People who have been able to accumulate significant wealth are undoubtedly aware of the potential imposition of estate taxes. On the federal level, the estate tax carries a 40 percent top rate, and this is a very big slice.
The existence of this tax is especially disturbing to many people, because they see it as an instance of double taxation. After all, your estate is comprised of assets that you have left after you paid taxes all of your life. Why should a legacy that you are leaving to your loved ones be hammered down by 40 percent after you already paid so many taxes?
This question is a good one, and there have been legislative efforts to eliminate the estate tax. However, it is a fact of life at the present time. On the federal level, the exclusion is $5.45 million. The portion of your estate that exceeds this amount is subject to the estate tax.
The gift tax prevents you from giving gifts while you are living to avoid the death tax. The $5.45 million exclusion encompasses gifts and bequests. In other words, if you gave $5.45 million in lifetime gifts using this exclusion, there would be nothing left to apply to your estate. The entirety of your estate would potentially be subject to taxation.
Wealth Preservation Trusts
There are strategies that can be implemented to ease the burden. Trusts of various kinds are often going to be part of the plan, and we would like to pass along some basic information about three of them.
If you convey assets into a generation-skipping trust, your grandchildren would be the beneficiaries instead of your children. However, your children could benefit from the assets that are contained within the trust throughout their lives.
After the death of the children, your grandchildren would inherit the remaining assets in the trust. This would be a taxable transfer, but there would be just one round of taxation instead of two.
Grantor Retained Annuity Trusts
When federal interest rates are low, you could potentially gain estate tax efficiency through the utilization of the zeroed out grantor retained annuity trust strategy. You would want to fund the trust with highly appreciable assets. As the grantor, you take annuity payments throughout the term of the trust, and you name a beneficiary who would assume ownership of any remainder that may exist after the expiration of the term.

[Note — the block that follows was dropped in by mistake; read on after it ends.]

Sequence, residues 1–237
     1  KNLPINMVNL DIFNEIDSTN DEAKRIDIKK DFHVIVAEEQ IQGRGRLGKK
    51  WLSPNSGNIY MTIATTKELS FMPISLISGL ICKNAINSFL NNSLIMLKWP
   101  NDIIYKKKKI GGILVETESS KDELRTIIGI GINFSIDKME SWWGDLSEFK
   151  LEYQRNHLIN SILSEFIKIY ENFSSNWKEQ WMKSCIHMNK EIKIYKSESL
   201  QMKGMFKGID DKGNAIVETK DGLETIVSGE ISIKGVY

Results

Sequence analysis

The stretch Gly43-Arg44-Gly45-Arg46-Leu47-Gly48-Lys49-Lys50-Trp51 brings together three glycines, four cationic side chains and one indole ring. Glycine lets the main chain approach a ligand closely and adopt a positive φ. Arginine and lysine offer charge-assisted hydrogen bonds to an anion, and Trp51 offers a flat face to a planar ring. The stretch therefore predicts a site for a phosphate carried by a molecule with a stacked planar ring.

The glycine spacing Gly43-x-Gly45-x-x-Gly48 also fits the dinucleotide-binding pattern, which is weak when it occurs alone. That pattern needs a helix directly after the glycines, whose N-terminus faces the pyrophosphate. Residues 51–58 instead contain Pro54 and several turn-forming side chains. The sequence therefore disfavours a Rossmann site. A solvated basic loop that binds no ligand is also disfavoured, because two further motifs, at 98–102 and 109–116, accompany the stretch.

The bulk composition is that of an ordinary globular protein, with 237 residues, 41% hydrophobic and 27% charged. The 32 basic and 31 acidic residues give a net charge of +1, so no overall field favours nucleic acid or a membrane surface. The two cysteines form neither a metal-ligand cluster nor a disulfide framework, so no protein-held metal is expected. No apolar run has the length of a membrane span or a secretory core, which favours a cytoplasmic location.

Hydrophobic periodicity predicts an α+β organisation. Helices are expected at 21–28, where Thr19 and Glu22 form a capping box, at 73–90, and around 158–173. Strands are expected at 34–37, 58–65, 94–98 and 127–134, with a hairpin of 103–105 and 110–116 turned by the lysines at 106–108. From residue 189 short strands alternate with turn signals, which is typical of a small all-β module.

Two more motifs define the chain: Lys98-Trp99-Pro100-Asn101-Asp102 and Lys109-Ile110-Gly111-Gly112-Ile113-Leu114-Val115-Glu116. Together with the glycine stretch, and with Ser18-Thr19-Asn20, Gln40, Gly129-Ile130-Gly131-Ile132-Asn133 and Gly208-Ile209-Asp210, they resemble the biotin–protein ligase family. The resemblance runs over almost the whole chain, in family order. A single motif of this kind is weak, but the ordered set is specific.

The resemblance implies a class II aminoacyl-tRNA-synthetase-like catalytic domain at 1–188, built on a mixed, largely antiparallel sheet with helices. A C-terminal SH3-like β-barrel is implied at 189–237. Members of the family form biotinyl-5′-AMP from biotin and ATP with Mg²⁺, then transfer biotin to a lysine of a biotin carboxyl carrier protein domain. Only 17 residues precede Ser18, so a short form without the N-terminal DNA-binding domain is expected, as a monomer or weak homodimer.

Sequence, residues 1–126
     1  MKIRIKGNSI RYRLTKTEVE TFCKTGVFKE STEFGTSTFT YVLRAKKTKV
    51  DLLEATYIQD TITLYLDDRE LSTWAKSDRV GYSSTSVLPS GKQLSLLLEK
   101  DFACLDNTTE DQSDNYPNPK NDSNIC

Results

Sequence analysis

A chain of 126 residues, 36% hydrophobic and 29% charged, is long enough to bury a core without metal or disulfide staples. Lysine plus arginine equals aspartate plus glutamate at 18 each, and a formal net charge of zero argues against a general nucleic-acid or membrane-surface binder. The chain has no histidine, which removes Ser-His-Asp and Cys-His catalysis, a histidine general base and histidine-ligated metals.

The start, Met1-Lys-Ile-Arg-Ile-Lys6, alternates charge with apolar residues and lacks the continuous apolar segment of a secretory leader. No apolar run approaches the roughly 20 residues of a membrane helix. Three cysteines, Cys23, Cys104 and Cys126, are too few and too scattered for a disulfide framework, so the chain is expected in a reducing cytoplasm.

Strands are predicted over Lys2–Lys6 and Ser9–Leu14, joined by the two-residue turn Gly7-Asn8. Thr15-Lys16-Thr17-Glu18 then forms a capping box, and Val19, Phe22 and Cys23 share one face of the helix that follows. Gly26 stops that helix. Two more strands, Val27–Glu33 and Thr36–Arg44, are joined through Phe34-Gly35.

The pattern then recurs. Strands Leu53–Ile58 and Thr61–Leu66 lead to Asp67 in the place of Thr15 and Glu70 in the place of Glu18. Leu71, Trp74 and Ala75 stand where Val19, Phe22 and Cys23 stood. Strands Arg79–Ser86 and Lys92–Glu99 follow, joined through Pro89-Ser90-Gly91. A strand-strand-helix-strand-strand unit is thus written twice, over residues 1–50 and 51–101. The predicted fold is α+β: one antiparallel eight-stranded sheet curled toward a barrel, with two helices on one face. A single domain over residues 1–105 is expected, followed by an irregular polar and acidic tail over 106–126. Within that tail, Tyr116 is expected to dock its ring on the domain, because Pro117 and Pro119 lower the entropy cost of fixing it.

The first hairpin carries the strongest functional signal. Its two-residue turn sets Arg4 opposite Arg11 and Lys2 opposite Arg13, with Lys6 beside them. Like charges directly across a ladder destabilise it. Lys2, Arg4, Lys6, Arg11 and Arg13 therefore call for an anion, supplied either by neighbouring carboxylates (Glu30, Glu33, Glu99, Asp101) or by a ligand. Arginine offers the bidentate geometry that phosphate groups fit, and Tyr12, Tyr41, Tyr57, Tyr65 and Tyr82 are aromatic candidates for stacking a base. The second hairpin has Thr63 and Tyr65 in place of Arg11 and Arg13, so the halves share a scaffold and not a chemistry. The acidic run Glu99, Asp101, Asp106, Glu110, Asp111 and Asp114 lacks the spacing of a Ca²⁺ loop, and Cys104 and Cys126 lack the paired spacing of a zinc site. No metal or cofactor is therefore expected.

If there is a remainder, the beneficiary would be receiving a gift that could be taxable. The IRS adds estimated interest accrual through the application of the hurdle rate, which is 120 percent of the federal midterm rate.
You do the math and take annuity payments that are equal to the entire taxable value of the trust. If these highly appreciable assets perform better than the hurdle rate, a remainder will exist after the expiration of the term. Remember, you took all of the taxable value, not all of the actual value. The transfer of the remainder to the beneficiary would not be subject to the gift tax.
Qualified Personal Residence Trusts
You could potentially transfer your home to a beneficiary at a significant tax discount if you were to convey it into a qualified personal residence trust. You don’t have to worry about leaving your home at first, because you decide on a period of time during which you remain in the home as usual. This interim is referred to as the retained income period.
You name a beneficiary who will assume ownership of the home after the term expires. Once again, the gift tax is applicable, though you removed the home from your estate for estate tax purposes when you conveyed it into the trust.
Since you are going to be remaining in the home for the duration of the retained income period, the beneficiary would not receive a gift for a number of years. The value of this type of gift would not be equal to the fair market value of the home when it was conveyed into the trust. This is taken into account by the IRS when the value of the gift is being calculated.
Ultimately, the beneficiary would assume ownership of the home at the end of the term, and the taxable value of the gift would be much less than the true market value of the property.
Attend a Free Seminar
If you would like to learn more about tax efficiency strategies and other estate planning matters, attend one of our upcoming seminars. These information sessions are free to attend,and you can click this link to see the schedule: Estate Planning & Elder Seminars.